tallat-by-justyna-lorkowska-pom-pom-quarterly-issue-19-winter-2016

The last sweater of the issue is Tallat by Justyna Lorkowska. This is a thuroughly modern sweater, with a split hem, dropped shoulder and fitted sleeves on a boxy silhouette. We love the touch of feminine lace on the turtleneck. This would be soft and cozy in Wool and the Gang’s Wool Me Tender.

vanishing-point-by-georgia-farrell-pom-pom-quarterly-issue-19-winter-2016-flatLast but not least, no winter issue would be complete without a pair of mittens. Vanishing Point features an all over texture stitch and twisted rib cuffs that are sure to catch anyone’s eye. They design would pop in Blacker Swan.

What’s your favourite pattern?

Yarn Pairings for Pom Pom Quarterly Issue 18 Autumn 2016

We may still be experiencing summer temperatures, but it can be hard for a knitter to not cast their eye ahead to the next season, when it may only be a few weeks away! What better time to get a head start on cooler weather garments and accessories than long summer days? Here at the shop we have the shade cards laid out and we are picking lots of new colours and yarns for the coming seasons, we can’t wait for you to see it all!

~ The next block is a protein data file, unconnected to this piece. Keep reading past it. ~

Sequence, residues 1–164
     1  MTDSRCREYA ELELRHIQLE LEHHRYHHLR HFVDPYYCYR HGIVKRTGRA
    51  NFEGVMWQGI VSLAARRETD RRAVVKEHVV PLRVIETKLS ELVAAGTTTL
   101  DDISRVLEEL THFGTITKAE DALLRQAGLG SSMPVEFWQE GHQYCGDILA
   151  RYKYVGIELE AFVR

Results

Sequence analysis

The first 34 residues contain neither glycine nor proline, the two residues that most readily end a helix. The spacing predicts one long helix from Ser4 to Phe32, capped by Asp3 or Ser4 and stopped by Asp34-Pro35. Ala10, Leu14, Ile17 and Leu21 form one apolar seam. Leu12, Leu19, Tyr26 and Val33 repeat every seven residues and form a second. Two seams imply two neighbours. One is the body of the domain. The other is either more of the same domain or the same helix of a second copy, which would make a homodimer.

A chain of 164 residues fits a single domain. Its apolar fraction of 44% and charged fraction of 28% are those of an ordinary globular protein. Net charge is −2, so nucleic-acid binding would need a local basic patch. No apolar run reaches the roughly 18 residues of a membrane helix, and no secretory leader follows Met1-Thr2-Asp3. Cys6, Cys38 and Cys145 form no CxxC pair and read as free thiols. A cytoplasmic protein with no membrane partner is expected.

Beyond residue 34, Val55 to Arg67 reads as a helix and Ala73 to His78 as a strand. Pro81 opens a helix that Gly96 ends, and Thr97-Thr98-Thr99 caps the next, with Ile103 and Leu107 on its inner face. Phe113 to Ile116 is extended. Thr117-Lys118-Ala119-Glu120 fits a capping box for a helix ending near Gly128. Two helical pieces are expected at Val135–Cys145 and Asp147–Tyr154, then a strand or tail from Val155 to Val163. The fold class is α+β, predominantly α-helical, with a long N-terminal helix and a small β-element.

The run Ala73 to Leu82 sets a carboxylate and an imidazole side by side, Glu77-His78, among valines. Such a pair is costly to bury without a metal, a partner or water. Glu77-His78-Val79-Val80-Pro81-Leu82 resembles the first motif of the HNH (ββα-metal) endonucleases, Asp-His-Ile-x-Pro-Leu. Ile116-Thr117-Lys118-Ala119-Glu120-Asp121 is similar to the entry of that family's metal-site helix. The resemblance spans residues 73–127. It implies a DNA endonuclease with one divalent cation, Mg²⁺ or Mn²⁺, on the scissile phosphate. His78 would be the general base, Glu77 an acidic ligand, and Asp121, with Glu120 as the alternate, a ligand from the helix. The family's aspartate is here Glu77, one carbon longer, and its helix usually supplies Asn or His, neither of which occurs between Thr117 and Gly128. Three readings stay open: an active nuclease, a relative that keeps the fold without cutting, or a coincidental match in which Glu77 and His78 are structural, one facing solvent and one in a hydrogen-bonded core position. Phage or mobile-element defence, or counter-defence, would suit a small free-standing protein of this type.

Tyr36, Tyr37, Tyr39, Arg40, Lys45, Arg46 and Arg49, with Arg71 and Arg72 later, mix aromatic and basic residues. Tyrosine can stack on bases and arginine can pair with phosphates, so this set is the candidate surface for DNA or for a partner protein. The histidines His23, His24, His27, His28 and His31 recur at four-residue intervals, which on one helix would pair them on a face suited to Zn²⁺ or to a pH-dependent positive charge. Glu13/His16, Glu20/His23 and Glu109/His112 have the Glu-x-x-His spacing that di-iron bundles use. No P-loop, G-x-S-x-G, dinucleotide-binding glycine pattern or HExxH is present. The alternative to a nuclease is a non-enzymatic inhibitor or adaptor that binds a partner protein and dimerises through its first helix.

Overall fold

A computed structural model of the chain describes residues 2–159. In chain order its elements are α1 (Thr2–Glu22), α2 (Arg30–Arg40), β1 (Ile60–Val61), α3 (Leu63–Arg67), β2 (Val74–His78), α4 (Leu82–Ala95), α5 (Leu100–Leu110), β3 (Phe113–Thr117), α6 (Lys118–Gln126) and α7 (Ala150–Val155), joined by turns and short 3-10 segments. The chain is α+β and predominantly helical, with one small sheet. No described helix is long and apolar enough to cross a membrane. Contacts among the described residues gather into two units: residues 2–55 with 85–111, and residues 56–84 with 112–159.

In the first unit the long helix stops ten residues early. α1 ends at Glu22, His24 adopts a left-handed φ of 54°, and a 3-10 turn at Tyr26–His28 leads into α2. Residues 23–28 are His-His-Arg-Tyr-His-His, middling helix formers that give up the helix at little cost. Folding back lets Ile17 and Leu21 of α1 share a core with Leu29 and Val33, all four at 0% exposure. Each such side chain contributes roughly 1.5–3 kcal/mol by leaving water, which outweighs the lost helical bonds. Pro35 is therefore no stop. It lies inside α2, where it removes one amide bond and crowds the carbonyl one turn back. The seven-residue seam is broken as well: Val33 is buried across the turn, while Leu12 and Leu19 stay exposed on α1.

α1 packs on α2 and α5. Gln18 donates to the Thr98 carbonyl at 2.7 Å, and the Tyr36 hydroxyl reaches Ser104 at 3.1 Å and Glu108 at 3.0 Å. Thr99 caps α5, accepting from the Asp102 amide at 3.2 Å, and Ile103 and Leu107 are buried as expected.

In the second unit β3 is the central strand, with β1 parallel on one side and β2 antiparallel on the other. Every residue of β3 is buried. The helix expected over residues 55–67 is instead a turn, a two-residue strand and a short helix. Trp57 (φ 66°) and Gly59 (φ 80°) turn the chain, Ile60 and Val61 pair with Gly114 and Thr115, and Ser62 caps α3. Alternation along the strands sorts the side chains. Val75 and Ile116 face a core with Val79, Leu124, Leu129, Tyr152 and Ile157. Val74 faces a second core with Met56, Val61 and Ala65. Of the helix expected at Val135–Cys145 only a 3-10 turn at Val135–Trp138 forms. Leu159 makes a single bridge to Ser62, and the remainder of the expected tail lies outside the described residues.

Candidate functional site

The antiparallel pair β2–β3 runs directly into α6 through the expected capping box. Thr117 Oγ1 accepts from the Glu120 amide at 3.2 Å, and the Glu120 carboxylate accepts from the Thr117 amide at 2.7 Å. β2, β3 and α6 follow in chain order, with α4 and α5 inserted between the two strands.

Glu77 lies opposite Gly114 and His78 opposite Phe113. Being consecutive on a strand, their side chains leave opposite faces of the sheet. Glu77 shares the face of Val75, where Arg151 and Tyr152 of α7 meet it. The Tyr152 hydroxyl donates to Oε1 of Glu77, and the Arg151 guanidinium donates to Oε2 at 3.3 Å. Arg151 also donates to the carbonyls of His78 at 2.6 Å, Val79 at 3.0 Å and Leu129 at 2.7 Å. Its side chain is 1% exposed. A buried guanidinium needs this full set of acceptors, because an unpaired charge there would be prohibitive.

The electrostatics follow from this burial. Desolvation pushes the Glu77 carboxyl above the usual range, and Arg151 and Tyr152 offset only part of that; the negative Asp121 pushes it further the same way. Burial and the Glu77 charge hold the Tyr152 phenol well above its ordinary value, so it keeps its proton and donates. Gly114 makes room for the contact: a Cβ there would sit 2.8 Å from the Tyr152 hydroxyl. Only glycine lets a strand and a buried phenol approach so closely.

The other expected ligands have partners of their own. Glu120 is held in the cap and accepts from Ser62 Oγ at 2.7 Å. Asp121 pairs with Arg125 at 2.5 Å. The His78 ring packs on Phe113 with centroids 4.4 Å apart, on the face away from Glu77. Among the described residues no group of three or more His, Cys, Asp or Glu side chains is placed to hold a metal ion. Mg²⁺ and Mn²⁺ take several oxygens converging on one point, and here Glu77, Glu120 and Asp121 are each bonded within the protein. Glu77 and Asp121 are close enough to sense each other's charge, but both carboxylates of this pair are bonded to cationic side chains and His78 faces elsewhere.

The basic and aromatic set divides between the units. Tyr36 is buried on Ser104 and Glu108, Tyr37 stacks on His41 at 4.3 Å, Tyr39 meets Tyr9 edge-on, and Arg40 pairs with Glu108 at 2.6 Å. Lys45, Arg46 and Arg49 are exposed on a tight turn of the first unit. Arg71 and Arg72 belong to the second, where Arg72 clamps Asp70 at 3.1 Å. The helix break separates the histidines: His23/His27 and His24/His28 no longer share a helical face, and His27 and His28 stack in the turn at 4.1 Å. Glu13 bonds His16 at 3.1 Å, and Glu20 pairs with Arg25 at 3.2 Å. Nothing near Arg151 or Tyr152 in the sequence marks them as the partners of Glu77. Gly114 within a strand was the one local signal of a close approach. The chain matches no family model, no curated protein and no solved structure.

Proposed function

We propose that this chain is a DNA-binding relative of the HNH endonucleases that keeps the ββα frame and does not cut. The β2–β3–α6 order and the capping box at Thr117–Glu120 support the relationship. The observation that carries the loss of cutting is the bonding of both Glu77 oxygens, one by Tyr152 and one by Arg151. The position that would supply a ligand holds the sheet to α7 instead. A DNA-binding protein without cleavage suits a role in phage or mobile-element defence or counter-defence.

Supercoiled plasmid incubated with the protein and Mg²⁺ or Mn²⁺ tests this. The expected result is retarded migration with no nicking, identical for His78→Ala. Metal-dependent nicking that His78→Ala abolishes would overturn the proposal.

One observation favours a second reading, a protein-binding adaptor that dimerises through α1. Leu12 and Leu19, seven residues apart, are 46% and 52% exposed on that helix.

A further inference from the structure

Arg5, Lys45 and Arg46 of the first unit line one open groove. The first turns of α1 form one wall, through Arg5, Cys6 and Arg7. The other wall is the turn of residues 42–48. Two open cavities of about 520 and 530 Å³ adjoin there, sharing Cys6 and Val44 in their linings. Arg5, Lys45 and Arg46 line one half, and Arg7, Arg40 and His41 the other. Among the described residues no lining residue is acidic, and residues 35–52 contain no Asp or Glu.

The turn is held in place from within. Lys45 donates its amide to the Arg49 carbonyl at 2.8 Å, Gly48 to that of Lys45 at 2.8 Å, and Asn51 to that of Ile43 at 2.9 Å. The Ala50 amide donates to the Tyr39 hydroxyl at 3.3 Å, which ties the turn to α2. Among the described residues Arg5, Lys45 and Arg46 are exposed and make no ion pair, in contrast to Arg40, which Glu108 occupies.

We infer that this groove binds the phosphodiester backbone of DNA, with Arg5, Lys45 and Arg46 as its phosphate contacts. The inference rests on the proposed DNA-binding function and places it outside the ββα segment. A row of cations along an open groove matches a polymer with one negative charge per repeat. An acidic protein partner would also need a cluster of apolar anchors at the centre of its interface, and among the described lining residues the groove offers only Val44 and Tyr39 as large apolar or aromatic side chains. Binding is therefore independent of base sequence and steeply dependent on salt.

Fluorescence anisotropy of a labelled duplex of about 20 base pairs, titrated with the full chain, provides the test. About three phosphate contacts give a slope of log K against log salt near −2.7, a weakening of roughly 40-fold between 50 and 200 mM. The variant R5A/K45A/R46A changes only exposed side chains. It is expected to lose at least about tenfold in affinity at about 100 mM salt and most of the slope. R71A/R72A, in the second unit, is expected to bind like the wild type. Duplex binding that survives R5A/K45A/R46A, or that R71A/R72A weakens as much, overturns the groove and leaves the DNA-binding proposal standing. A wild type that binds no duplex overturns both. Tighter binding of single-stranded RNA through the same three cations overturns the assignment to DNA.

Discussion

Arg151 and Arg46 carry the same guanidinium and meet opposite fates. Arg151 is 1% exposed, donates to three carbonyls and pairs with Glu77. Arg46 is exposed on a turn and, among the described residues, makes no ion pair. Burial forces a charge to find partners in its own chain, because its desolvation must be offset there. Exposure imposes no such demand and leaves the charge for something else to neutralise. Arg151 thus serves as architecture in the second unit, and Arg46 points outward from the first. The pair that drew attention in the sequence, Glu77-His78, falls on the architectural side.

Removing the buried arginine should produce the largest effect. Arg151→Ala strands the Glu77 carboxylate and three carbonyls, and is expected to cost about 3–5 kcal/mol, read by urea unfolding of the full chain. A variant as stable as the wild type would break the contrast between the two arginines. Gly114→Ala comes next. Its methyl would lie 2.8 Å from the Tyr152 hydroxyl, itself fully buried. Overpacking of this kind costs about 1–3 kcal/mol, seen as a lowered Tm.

In the mean time, Pom Pom Quarterly are as ever filling us with inspiration with the 11 designs in their latest Autumn issue. We have the issue available online and in the shop. It was shot in Hampstead Heath by Rachel Hayton. The issue focuses on naturally dyed yarns, and features articles by notable natural dyers such as Kristine Vejar,Caitlin ffrench and Emma Price.

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We were all swooning over Asklöv by Nicolina Lindsten. This two colour hat has endless possibilities for customization with colours, and would be suitably unisex. The original was knit in a soft yellow and ivory white, but we can’t help but dream of more combinations. We are looking at Blacker Yarn’s Tamar for inspiration. Charcoal and pale blue? Berry pink and grey? Forest green and lime? Too many choices!

Asklov-by-Nicolina-Lindsten-Pom-Pom-Quarterly-Issue-18-Autumn-2016

Florence is a beautiful stole/wrap by the talented Bristol Ivy. It is knit modularly, with each section joined to the previous through picking up stitches or increases and decreases. It is sure to be an interesting knit! We would knit it in an ombre of the natural shades of Purl Alpaca Fine.

Florence-by-Bristol-Ivy-Pom-Pom-Quarterly-Issue-18-Autumn-2016

Iara is a beautiful scarf is by local to us designer Renée Callahan. It features a stunning stripe and slipped stitch design to create a graphic mosaic pattern. The lush colours of Scrumptious 4ply would shine in this scarf.

Iara-by-Renée-Callahan-Pom-Pom-Quarterly-Issue-18-Autumn-2016-1